Word processing software (such as Microsoft Office) often have "proofing tools" available for different languages, including spell-checker, dictionary/thesaurus, grammar-checker, and hyphenation rules.
These can be useful language learning tools, but remember they are neither fail-safe nor fool-proof: ultimately, you must try to understand and determine the correct language usage.
(Note: before you can start composing documents, you'll need to set up your computer to type in your new language. Hover your mouse over the "Getting Started" tab above for help with that.)
On Windows, you can use Microsoft Office to type in right-to-left text direction languages, like Arabic and Hebrew. See the box below for more details about using proofing tools, such as spelling and grammar check, in Office for Windows.
However, on a Mac, Microsoft Office does not have built-in support for right-to-left text direction. Instead, you have a few options:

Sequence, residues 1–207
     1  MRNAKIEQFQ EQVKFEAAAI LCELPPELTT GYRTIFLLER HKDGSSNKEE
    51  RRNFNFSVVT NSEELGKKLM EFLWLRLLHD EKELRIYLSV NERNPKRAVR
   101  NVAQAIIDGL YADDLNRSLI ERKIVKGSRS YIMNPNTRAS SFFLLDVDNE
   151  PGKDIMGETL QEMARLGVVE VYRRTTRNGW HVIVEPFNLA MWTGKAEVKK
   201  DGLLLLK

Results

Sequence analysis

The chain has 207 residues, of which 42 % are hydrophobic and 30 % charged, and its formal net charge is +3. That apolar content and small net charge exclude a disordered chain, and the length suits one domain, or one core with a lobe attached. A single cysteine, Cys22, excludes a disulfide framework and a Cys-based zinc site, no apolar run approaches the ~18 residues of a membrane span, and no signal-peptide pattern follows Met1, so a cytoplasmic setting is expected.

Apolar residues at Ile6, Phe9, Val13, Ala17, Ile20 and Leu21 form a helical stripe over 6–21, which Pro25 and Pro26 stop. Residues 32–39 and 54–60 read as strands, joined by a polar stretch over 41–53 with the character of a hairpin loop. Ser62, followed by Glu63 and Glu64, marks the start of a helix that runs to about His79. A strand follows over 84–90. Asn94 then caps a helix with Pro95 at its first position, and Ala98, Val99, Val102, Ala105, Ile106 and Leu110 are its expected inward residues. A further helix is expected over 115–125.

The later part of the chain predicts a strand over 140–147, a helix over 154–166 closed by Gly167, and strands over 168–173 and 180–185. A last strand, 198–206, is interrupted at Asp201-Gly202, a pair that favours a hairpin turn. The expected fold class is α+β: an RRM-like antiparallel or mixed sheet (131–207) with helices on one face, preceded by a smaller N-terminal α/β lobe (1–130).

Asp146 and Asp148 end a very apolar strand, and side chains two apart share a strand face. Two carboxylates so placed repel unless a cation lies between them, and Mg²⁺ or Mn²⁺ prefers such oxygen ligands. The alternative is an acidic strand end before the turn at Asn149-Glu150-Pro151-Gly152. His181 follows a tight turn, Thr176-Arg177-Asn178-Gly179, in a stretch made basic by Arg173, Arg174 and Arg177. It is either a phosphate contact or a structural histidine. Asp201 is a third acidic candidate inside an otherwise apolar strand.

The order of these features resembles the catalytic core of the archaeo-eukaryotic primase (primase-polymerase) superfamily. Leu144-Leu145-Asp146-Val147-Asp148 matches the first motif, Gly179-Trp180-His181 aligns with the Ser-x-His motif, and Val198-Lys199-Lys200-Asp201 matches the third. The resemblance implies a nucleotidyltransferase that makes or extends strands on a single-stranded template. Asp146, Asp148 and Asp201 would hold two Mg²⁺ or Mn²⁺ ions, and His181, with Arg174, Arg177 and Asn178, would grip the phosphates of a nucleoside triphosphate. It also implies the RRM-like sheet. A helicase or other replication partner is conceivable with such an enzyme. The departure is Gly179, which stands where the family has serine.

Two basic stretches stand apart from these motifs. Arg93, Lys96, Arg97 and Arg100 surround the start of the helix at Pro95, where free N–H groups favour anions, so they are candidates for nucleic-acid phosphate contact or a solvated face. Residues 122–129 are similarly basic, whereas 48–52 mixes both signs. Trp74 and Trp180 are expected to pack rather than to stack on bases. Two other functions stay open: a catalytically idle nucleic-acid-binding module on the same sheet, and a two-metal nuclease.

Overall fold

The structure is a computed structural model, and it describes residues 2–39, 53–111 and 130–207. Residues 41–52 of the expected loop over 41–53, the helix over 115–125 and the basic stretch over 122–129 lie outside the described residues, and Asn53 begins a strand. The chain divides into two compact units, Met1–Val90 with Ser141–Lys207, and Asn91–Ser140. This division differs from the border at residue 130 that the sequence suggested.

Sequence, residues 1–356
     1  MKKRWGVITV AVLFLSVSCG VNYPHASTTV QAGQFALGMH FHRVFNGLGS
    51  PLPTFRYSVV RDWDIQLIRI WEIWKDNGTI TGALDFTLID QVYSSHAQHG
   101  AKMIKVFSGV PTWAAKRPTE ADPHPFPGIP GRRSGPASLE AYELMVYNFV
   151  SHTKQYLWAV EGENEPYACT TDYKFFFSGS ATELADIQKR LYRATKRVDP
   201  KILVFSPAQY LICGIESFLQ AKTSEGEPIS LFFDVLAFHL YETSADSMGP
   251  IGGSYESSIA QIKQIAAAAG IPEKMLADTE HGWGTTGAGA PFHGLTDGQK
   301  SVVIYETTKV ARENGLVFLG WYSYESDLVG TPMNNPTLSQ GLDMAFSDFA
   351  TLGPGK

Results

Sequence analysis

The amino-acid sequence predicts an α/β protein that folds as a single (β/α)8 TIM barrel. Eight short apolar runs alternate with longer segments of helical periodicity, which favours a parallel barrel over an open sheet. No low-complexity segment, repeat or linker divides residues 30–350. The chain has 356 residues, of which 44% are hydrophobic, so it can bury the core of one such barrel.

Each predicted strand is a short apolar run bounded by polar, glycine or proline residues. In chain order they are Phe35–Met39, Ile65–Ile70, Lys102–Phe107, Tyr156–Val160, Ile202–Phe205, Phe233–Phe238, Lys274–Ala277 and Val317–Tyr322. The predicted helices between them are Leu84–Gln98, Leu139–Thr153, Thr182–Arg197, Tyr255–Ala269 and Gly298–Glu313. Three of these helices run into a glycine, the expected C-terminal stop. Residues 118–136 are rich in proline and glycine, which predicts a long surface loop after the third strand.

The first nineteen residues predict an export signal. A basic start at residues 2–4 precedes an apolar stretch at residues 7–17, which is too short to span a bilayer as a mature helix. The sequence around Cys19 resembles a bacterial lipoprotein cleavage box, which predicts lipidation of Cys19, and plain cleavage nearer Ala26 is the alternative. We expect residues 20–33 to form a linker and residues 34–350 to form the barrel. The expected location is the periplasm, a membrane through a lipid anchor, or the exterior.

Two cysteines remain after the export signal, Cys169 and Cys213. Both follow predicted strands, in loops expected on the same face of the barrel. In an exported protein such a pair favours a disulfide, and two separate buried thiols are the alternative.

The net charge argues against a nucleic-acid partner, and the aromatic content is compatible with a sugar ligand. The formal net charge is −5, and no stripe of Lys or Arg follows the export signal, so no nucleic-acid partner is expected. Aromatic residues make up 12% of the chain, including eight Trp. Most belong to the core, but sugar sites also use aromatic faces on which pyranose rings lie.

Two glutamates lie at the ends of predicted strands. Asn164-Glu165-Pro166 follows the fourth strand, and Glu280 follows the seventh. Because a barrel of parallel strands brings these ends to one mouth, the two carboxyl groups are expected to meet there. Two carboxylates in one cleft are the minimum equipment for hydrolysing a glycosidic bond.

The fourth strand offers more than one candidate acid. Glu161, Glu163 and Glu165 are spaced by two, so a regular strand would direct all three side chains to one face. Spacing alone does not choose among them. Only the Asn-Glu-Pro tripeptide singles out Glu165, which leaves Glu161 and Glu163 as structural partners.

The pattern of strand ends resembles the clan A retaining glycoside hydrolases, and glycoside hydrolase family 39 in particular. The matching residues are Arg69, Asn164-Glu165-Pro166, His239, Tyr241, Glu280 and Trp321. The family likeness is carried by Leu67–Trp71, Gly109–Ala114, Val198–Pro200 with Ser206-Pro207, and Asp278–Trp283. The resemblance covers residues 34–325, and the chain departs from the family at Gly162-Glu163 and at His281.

Microsoft Office for Windows offers proofing tools in a greater number of languages (37); however, not all of the languages are included when you purchase Office. (The languages included with your copy of Office depend on where in the world you purchased it.) See the instructions below to "Check which language packs are installed on your computer." On most Windows computers at MHC, we have installed the following proofing tools:
If you would like to use the proofing tools for a language not in that list, please contact the Language Resource Center. We are able to install additional languages on the LRC computers.
The proofing tools in Office are used the same regardless of language. For example, if you have automatic spell-checking turned on, Word shows the red squiggly lines underneath possible misspelled words, or you can choose to run the spell-checker manually. For the spell-checker to work in another language besides English, you just need to make sure that your text is marked as that language:
There is an option in Word that can cause this problem. Try turning it off: